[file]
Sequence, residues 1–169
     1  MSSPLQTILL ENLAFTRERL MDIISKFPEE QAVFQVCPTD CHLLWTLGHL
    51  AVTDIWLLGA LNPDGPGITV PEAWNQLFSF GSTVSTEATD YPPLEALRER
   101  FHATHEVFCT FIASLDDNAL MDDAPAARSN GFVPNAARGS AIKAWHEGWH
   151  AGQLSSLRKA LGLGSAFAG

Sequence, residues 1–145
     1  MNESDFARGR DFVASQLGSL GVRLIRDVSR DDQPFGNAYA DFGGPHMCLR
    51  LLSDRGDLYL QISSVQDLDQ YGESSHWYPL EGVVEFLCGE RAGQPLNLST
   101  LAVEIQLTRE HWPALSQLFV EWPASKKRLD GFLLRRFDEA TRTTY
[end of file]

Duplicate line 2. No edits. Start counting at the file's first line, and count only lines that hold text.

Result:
     1  MSSPLQTILL ENLAFTRERL MDIISKFPEE QAVFQVCPTD CHLLWTLGHL